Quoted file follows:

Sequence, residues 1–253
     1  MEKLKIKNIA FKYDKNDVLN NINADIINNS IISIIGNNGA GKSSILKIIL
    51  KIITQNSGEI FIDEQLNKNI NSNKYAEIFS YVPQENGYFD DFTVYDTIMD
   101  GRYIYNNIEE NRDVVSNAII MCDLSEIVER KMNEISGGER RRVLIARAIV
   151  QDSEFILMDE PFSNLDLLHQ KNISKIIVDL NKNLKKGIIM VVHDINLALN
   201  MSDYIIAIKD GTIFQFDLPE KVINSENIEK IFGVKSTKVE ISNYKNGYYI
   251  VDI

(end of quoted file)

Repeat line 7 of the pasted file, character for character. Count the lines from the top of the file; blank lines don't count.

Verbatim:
   251  VDI